Participate in a Study

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Participate in a Study 2019-05-17T02:28:10+00:00
2021-11-03T16:33:02+00:00

Urinary Incontinence and Your Nerves

Background Many women experience daily urine leakage which is also referred to as urinary incontinence and the most commonly reported among women is stress urinary incontinence, which is defined as the involuntary loss of urine during an exertion, cough, or sneeze. Pelvic floor muscle exercises supervised by a pelvic floor physiotherapist [...]

2019-09-04T13:49:34+00:00

Activity and urinary incontinence in women

Urinary incontinence affects up to one in five Canadian women. Stresses induced on the pelvic floor during high impact activities such as running are associated with reports of urine leakage during these activities. This experience of “stress urinary incontinence” ultimately leads women to withdraw from these activities, and inactivity can lead [...]

2019-10-23T14:53:09+00:00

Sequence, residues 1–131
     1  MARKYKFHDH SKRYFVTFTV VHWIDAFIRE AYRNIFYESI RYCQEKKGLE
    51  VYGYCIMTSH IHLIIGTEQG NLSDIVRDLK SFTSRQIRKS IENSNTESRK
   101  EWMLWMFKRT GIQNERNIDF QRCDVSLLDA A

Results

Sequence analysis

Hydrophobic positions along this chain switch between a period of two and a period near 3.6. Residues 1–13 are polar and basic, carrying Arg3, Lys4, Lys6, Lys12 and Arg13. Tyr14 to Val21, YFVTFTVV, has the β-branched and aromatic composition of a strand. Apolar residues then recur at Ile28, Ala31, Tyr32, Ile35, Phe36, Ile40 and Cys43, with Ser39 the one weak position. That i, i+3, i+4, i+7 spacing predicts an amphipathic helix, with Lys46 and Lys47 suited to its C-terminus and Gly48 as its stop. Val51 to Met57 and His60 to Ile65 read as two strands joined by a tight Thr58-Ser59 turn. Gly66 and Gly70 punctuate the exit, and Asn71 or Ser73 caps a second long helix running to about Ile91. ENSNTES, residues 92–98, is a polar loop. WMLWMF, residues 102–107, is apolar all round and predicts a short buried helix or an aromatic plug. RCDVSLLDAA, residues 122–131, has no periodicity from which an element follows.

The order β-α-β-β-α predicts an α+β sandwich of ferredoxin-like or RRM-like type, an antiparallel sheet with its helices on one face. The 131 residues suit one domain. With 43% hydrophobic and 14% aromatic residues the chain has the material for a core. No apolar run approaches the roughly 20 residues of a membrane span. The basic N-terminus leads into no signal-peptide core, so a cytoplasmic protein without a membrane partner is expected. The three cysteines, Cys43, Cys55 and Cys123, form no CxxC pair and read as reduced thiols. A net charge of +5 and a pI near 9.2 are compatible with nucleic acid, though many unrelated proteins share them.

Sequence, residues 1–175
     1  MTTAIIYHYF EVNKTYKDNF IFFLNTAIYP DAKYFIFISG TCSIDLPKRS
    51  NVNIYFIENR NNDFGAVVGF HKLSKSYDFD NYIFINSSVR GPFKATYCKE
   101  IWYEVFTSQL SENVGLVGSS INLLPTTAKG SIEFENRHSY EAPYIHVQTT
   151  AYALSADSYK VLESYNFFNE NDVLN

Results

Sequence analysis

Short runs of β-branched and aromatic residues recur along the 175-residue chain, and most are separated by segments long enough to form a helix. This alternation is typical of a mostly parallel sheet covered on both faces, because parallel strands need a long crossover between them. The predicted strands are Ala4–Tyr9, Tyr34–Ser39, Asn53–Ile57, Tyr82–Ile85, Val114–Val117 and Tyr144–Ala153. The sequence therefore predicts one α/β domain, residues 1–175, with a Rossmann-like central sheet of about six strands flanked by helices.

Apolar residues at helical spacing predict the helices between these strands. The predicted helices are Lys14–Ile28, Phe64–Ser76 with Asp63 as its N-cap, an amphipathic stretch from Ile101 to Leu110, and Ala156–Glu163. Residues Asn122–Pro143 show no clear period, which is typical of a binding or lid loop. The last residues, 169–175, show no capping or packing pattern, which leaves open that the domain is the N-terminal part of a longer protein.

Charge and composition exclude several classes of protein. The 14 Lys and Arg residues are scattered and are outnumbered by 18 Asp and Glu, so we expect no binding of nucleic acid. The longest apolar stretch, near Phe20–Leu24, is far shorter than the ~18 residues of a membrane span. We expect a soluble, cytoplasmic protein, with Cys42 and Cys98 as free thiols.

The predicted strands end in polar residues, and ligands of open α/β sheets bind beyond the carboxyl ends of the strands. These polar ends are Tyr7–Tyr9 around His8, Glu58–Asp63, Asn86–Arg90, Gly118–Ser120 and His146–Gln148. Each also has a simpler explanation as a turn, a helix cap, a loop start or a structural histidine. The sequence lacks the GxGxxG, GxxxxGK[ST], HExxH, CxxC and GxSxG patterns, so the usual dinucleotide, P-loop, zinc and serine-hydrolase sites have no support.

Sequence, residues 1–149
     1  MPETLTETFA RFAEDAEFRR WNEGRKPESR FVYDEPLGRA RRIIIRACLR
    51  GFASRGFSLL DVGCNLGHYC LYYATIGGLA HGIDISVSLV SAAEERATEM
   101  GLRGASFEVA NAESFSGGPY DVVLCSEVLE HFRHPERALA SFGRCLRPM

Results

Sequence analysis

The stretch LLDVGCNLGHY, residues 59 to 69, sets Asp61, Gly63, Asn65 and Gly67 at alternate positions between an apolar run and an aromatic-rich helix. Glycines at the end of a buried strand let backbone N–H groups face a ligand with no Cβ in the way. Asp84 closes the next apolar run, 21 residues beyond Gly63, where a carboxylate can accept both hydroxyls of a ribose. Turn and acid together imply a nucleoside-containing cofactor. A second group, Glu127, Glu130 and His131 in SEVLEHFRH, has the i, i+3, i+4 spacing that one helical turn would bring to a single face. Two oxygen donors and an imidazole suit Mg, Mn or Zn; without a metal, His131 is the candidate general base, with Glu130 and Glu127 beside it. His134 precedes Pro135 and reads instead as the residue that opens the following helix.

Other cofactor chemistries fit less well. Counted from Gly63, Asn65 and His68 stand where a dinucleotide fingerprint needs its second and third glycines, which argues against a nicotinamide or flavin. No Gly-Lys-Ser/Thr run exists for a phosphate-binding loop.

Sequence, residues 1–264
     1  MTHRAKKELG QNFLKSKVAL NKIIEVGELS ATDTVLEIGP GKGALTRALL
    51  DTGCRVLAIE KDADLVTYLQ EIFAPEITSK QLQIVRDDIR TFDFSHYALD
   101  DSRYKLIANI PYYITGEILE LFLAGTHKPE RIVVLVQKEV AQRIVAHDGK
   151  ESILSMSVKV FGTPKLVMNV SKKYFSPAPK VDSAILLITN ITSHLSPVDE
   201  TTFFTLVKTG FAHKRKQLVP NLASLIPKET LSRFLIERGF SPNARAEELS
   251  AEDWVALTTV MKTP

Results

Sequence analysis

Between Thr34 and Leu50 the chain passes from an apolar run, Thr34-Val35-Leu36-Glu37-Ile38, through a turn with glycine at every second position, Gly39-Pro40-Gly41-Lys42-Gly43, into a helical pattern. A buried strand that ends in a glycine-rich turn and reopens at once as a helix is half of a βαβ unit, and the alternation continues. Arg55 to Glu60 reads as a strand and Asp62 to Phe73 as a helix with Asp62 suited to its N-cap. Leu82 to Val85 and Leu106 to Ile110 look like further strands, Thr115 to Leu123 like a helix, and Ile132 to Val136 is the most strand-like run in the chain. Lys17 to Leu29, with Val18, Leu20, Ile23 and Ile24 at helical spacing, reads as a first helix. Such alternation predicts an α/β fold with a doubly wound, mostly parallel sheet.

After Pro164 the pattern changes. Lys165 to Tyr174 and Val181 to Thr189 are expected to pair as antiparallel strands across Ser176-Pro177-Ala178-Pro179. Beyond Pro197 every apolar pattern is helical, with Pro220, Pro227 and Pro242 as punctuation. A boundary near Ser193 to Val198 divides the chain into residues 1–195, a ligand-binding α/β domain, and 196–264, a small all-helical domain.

Brain input influence on pelvic floor muscles.

In recent studies, non-invasive magnetic stimulation of the brain has been suggested as an ideal and pain-free way to evaluate the way in which the brain controls the pelvic floor muscles. However for clinical and research purposes, we need to be sure that measures obtained are repeatable- that is, that the [...]

2019-11-25T01:08:05+00:00

Uterine Fibroids and Ultrasound Technology

Uterine fibroids are the most common gynecological condition, accounting for 1/3 of all visits to gynecologists in Canada, and can cause severe symptoms including pain, bleeding, and infertility.  Due to potential risks associated with surgery, medical therapies are becoming more favorable, yet not all patients respond to medical therapy and side-effects [...]

2019-08-08T22:43:09+00:00

Pelvic Floor Ageing Study

If you are interested in learning more about your pelvic floor muscles, our lab is looking for female volunteers, over the age of 60 that have never given birth vaginally nor by c-section to study age-related changes in the pelvic floor muscles in order to develop interventions to target these age-related changes. [...]

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